Does the manager monitor the tips to monitor performance? Or just let it follow that the tips will select good staff and motivate them?

I'd bet some lazy types would be OK with doing sub par work and getting occasional 10% tips instead of occasional 20% tips (I think most people just go with 15% regardless of the service, unless it was out of the ordinary one way or the other).

As manager at Mega-Corp, I was expected to know how my employees were performing and interacting with others, even though I spent 80% of my day in stupid-%#^&^%@((&^%@&^%@&^%^@% meetings!

It can, and should be done.


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Old 02-24-2015, 01:34 PM   #116
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The problem is that tipping is not voluntary.
It certainly is. Tips are, by convention and now by US govt guidance, entirely voluntary and entirely at the discretion of the "tipper".

If a "tip" is part of the bill (e.g. at Big Hitter's golf club, or at restaurants that automatically add a mandatory 15% "gratuity" for parties of 6 or more), then it's not a tip at all, according to the US government. (see more at this site)

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Rev. Rul. 2012-18 reclassifies automatic gratuities as non-tip wages, or service charge income, taxable as regular wages. It defines tips as something given without compulsion and with an unrestricted right to determine the amount, which excludes automatic gratuities.
On another note: I wonder if tipping is one reason fast food is so popular in the US compared to many other countries, relative to sit-down restaurants? I doubt it's a huge factor, but it probably plays into things a bit. Apparently many customers are uncomfortable with the whole idea of tipping. That--plus "the price on the menu is what you'll pay" factor, may influence some people to go to a fast food spot rather than being served. Maybe there's a market niche for a moderately-priced sit down restaurant with a well-publicized "no tipping, please" policy. I'd go there.
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Old 02-24-2015, 02:00 PM   #117
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It certainly is. Tips are, by convention and now by US govt guidance, entirely voluntary and entirely at the discretion of the "tipper".
The word that fits here is "hegemony."

Could you behave like the above mentioned movie star and not allow a Tip be given at a table in a fancy restaurant (any definition of "fancy" will do)... even a single time to prove you could do it? I suspect the cultural pressures would be much to great.
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Old 02-24-2015, 06:37 PM   #118
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The word that fits here is "hegemony."

Could you behave like the above mentioned movie star and not allow a Tip be given at a table in a fancy restaurant (any definition of "fancy" will do)... even a single time to prove you could do it? I suspect the cultural pressures would be much to great.
Maybe so, but the proffered solution was to make tipping against the law. That is, in plain terms, to take away my freedom (jail) or take away the results of hours of my labor (a fine) if I voluntarily decide to give a person a tip. That's a far heavier "club" than the scowls of fellow diners or the howls of protest from a "shorted" waiter. If people get bullied into things they judge to be inappropriate due to social pressure--they need to examine their priorities (see my sig block!).

Tipping is "customary," not mandatory. I'm sure most of us have left little or nothing in the case of very rude service (don't want to leave nothing--they might think you just forgot).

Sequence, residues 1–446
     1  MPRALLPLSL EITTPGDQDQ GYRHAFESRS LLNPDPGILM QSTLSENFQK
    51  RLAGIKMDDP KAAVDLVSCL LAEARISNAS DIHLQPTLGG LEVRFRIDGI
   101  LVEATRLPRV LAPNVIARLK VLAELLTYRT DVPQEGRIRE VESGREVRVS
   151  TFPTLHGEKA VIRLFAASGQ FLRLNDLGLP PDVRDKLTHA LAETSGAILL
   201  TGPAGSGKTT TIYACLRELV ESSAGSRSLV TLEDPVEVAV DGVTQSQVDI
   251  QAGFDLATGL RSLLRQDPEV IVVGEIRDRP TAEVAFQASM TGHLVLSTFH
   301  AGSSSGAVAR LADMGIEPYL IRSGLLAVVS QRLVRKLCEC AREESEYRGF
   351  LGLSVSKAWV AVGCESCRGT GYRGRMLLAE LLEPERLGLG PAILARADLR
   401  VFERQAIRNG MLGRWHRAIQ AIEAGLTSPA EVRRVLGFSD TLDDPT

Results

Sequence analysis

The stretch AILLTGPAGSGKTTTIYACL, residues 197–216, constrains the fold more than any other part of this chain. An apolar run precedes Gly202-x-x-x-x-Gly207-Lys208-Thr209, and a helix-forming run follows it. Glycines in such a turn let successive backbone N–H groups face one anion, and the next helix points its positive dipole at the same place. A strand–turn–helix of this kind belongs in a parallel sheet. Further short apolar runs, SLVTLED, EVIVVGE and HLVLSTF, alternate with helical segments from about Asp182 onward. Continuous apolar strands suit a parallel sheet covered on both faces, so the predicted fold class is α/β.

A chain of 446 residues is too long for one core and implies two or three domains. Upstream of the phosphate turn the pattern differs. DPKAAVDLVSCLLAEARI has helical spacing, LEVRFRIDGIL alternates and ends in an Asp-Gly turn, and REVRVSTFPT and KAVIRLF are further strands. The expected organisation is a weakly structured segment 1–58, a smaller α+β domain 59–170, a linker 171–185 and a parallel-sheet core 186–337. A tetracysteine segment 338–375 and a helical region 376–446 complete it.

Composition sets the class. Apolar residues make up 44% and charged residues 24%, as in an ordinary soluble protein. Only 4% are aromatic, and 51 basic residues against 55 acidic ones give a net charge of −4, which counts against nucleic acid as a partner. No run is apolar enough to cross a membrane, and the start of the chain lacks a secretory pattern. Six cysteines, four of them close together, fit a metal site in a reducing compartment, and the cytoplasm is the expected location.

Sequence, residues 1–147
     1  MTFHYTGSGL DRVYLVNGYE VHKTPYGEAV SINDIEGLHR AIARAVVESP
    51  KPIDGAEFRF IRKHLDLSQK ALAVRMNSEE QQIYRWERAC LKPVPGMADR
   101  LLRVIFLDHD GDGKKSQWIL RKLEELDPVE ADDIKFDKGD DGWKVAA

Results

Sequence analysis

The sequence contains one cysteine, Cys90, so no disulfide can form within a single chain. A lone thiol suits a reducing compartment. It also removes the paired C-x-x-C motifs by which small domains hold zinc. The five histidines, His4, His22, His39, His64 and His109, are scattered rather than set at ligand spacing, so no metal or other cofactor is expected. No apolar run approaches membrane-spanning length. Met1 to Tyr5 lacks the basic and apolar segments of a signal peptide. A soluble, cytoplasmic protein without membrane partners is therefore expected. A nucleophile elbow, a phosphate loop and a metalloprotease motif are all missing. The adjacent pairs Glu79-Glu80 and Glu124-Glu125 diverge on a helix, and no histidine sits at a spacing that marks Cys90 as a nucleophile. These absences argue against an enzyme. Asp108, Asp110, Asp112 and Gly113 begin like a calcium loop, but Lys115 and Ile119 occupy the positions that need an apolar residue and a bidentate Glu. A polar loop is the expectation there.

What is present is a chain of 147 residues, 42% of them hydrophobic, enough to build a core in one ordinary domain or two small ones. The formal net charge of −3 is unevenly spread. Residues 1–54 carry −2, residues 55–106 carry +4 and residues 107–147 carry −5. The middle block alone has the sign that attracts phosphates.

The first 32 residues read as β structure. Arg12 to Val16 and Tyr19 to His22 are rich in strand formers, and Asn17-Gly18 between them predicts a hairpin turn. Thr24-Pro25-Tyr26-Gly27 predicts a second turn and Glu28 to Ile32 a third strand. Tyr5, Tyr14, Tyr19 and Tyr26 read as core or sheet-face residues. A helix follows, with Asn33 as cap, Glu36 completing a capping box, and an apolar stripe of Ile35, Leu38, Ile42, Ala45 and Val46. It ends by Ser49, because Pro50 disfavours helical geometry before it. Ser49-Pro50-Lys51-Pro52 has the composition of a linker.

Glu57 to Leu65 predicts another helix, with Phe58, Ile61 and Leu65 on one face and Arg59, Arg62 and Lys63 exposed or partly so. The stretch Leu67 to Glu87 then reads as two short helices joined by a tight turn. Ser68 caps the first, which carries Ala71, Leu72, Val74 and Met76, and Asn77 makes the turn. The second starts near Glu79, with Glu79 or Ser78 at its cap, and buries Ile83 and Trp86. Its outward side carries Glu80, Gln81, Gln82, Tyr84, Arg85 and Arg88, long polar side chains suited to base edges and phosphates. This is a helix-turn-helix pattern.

Given the rules of the game, I tip. On a small tab at a diner with good, attentive service, it's often well over 25%. If there's a "mandatory gratuity" of 15%, then I will never pay a cent more than that--if I'm paying cash, I'll wait for exact change back.
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Old 02-24-2015, 09:15 PM   #119
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Maybe so, but the proffered solution was to make tipping against the law. That is, in plain terms, to take away my freedom (jail) or take away the results of hours of my labor (a fine) if I voluntarily decide to give a person a tip. That's a far heavier "club" than the scowls of fellow diners or the howls of protest from a "shorted" waiter. If people get bullied into things they judge to be inappropriate due to social pressure--they need to examine their priorities (see my sig block!).

Tipping is "customary," not mandatory. I'm sure most of us have left little or nothing in the case of very rude service (don't want to leave nothing--they might think you just forgot).

Given the rules of the game, I tip. On a small tab at a diner with good, attentive service, it's often well over 25%. If there's a "mandatory gratuity" of 15%, then I will never pay a cent more than that--if I'm paying cash, I'll wait for exact change back.

Yep, if they give bad service you need to leave something to show it...

This was a long time ago... but we were eating lunch and the waiter spilled a glass of water on my boss... waiter said very little and mgmt did nothing... his tip was $1... but he put it in a glass of water and turned it upside down on the table...

The worst I have done was walk on a check... we told the waitress 3 times to get our bill... she kept serving her other tables and ignored us... so we got up and walk toward the door and waited... she came walking by and we asked a 4th time for our bill... she looked at us and walked away... we thought she was getting our bill, but no... she brought out someone else food... see ya.....
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Old 02-25-2015, 07:36 AM   #120
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Yep, if they give bad service you need to leave something to show it...

This was a long time ago... but we were eating lunch and the waiter spilled a glass of water on my boss... waiter said very little and mgmt did nothing... his tip was $1... but he put it in a glass of water and turned it upside down on the table...
good one!